NEW YORK (MainStreet) —When I enrolled in graduate school at NYU in 2004, it was on a whim. I didn't take the time to look for grants or scholarships, but went all in like a gambler, assuming a master's degree from a top university would net enough cachet on the other side to boost my earning potential.

In my humble estimation, borrowing money to further your education—whether it’s earning a degree for the first time or pursuing knowledge for the sake of a new career track—is worth it. So while I don't regret my educational pursuit (or even borrowing the $50,000 it took to get there) in hindsight I wish I'd taken the time to do a bit more thoughtful planning and research before diving into the world of student loans.

If I had, I might have known the following:


I could have borrowed less. You don’t have to accept all that you’re offered. Make a budget of your school expenses and your fixed living expenses if you won’t be working while you take classes. Use an online calculator to determine exactly how much you’ll need to borrow. If you are able to work, do. It can help offset loans tremendously.


I'd still have to work an entry-level job to prove myself in a new field. With a bachelor’s degree and years of work experience, I figured that adding a graduate degree in my newly chosen field of publishing would launch me to the top of the hiring heap. Wrong. I still had to pay my dues and earn more responsibility the old-fashioned way—with an unpaid internship and low-paying freelance work. This may not be the case in your field of study, but it helps to prepare yourself to earn less than you might imagine. Which leads to point # 3…


You can't predict, but should prepare for, a recession. Having paid all those dues, I was finally riding high and earning a decent living by 2008. And then many industries, including my own, felt the pinch of the economic crisis. I found myself out of work for 10 months. Getting by on unemployment and cash gigs was rough, and of course, there was no way I could pay my loans, which went into forbearance. All that is to say, if you are working, start saving immediately for the proverbial rainy day.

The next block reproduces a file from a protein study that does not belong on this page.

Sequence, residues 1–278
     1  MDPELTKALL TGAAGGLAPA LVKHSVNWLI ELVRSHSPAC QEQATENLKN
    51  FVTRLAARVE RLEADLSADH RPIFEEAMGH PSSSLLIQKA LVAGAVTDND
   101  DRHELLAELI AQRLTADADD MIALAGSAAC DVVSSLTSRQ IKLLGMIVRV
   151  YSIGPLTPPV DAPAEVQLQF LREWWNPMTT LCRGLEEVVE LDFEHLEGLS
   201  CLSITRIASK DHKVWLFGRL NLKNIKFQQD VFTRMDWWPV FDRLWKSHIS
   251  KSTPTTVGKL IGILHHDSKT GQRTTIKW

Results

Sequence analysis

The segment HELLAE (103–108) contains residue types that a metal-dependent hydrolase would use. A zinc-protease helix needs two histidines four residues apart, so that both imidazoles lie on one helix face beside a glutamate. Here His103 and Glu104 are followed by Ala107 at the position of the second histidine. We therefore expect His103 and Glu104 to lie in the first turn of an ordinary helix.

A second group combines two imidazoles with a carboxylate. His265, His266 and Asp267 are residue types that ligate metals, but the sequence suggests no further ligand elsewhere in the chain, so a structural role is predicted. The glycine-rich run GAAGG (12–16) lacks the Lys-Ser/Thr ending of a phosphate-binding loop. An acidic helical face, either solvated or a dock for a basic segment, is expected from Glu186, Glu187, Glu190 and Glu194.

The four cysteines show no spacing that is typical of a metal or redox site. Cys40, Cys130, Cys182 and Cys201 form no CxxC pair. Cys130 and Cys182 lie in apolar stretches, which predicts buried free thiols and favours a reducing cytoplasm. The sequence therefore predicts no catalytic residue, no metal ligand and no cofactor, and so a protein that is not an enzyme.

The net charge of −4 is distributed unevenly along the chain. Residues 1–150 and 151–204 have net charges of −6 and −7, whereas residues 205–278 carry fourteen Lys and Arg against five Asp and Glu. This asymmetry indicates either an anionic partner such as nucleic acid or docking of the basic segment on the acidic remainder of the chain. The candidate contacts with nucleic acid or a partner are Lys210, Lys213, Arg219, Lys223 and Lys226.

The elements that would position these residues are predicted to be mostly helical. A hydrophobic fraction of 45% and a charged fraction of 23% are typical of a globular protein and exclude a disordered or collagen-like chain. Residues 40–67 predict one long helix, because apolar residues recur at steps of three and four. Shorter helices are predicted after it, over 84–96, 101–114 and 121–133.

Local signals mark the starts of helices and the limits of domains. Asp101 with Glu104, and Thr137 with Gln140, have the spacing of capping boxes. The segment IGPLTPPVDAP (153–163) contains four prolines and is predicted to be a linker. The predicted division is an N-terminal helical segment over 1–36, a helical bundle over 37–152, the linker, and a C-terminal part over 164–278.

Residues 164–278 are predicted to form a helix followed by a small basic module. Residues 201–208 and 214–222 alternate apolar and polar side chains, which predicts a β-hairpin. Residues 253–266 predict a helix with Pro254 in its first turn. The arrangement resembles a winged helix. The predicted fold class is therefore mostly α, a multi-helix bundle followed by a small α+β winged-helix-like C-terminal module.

Deferment is a dirty word. Lenders make it seem easy to wait (or defer) paying back your loans, but be careful…it’s a choice that has a cost. Deferring your loans (or having them put into forbearance) puts you more deeply in debt, extending the time it will take you to repay your loan. Part of the reason I was unemployed so long is that I was insistent on working in my field, at any level. It would have been wiser to take a part or full-time job to pay the bills and keep paying those loans. If you find yourself in a similar position, look into income-based repayment, which calculates payment as a percentage of your monthly income.


Just how long loan repayment takes. So, it’s nine years after the fact, and I’ve honestly barely made a dent in my loans. I accepted the “gift” of deferment right after graduation from benevolent lenders when I was fortunate to be working and earning an amount equal to the total of my loan—which means I definitely should have been making payments and living more frugally. I made no payments while unemployed and very minimal payments the past three years when I was earning very little working at a non-profit. I’m back on track career-wise, but it will still take me another 10 years to pay off my full debt, meaning I’ll be well into my 40s by the time I’m debt-free.

Borrowing money for higher education isn’t the end of the world, but as it can limit your options in the ensuing years, prepare yourself before you take the plunge! Do your research, pay what you can out of pocket and explore as many grants and scholarships as you can. A little planning goes a long way in making the experience less daunting.